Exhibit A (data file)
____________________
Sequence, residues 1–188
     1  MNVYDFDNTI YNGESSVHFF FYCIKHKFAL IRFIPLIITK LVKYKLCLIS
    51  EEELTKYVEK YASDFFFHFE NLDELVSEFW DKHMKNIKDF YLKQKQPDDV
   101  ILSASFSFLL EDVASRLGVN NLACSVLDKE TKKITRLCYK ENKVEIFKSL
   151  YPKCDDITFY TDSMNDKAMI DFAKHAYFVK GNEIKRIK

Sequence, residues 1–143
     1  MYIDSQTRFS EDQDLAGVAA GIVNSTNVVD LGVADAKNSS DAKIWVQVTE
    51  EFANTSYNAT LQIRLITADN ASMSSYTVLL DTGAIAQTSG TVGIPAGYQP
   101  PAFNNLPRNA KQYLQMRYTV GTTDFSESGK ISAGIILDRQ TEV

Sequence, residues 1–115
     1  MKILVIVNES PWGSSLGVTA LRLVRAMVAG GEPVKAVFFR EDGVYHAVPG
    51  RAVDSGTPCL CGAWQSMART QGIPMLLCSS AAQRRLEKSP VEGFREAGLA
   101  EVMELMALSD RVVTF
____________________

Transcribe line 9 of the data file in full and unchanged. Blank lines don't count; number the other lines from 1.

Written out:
   101  PAFNNLPRNA KQYLQMRYTV GTTDFSESGK ISAGIILDRQ TEV